This goes to the biggest surprise winner in Berlin, Ryan Brathwaite. The injury to Dayron Robles took out one of the week's biggest favourites, and Brathwaite stepped in to claim the title by the narrowest of margins, with three men diving for the line. A great race, and a completely unexpected champion.

The "Who is she" award?

The winner of this award depends on how you want to define "surprise". The newest surprise in the women's events was probably Caster Semenya. That said, she did come into the Champs with the worlds fastest time this year, a full second faster than anyone else, and so to say she won as an outsider is not entirely true. Her world ranking was number 1, and she finished number 1. However, consider that three weeks ago, you'd probably never heard the name Semenya, and now she may just be the most talked about woman in the sport (for the wrong reasons, from her perspective) and you appreciate just how big of an impact she had on these Championships.

But the winner of the award is Anna Rogowska, of Poland. She is not unknown (so it's a little harsh to ask "who is she?", but she was a big surprise. The biggest favourite of the whole week was Elena Isinbaeva, and she couldn't clear a height. The Pole (pardon the pun) took gold, and scoops the award for biggest upset win in women's events.

Race of the championships

There were so many, it's impossible to decide. The women's 10,000m was amazing, there were perhaps 3 lead changes in the final 120m, and a surprise winner. The men's 5,000m was incredible, with Kenenisa Bekele holding off the 1500m specialist Bernard Lagat in a great sprint.

But the winner is the men's 100m, simply because it was such an incredible performance by Usain Bolt, and Tyson Gay. Yes, Gay was beaten soundly, but he ran into previously unchartered territory, and can stand tall for his efforts. As for Bolt, well, what more can be said?

The "Kissing the tartan" award

There were an incredibly high number of falls during the week. Left, right and centre, athletes were going down and then being re-instated on appeal. First Jepkosgei fell after colliding with Semenya (talk about making a big entrance). Then a number of athletes in the women's 1500m went down. Then in the 800m for men, Abubaker Kaki fell, taking Bram Som and Marcin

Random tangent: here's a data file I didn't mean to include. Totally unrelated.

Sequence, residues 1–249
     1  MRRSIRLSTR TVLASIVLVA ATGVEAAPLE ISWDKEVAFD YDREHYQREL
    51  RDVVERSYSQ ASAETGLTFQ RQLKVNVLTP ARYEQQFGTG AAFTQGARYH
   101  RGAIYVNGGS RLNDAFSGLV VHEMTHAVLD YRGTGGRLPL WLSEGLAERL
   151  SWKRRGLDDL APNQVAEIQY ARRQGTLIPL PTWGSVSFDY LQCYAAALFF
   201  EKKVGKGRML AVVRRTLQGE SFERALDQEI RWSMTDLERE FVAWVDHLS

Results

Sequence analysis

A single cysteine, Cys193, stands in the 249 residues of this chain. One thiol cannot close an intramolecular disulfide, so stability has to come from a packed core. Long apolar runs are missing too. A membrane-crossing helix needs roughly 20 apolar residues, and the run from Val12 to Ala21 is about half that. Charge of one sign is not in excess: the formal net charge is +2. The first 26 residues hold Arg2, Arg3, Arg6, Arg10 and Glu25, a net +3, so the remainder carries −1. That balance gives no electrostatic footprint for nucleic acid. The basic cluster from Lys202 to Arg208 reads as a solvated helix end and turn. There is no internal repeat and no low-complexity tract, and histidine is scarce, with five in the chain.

Lewandowski with him. We even had medal results changed as a result of falls, when Natalia Rodriguez of Spain won the women's 1500m title after putting Gelete Burka on the ground with 200m to go. Her disqualification, and Burka's ultimate failure, may have been the most significant fall of the week.

However, for "crowd pleaser" status, Abubaker Kaki's fall takes the prize, as seen in the picture to the right! He didn't get reinstated, but he gets the consolation of having this picture of his fall receive our award for "Kissing the tartan!". You can see the whole sequence of pictures here.

The "week off award"

And finally, I'm giving myself the week off award, to recover from Berlin, where I wrote 12 articles and responded to maybe 300 comments on the Caster Semenya story in the last week! I feel as tired as Meseret Defar looked at the end of her races!

Only kidding! I'll be back later in the week when the European athletics season resumes! There's a lot of other work to be done between now and then, so do forgive some silence on the site for a day or two! Thanks for following the IAAF World Champs with us, there's more to come, especially on the Semenya story, and a whole season of athletics still to go.

Ross

Oh, wait, one last award...

For the coolest mascot ever at a sports event. All mascots should be encouraged to bring such humor to sport, because athletics needs all the growth and entertainment value it can get! Meet Berlino:


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9 Comments:

Sam Callan (USAC) said...

Trey Hardee (decathlon)should be considered for the "who is he" award.

Ronnie said...

Bolt is the man but phelps is almost as phenomenal as usain, but since we live on the ground we consider bolt's achievements bigger than phelps'
p.s: i still think usain is better overall so don't insult me, please

Alex

Anonymous said...

The 800m is probably one of the hardest events to go out and win.

Short enough to be hard on mistakes, long enough that you can't just 'be the fastest', lots of jostling, probably the most tactical.

The South African, Malaudzi deserves kudos for running it in the only way that could have ensured a victory...leading from the front to nullify being outkicked.

Isn't it great to see a 'balls on the line' 800m...classic and deserving of at least a mention, don't you think?

Eric said...

I'm still highly PROUD of the South African athletes! 2014 is going to be very different from the last olympics for South Africa!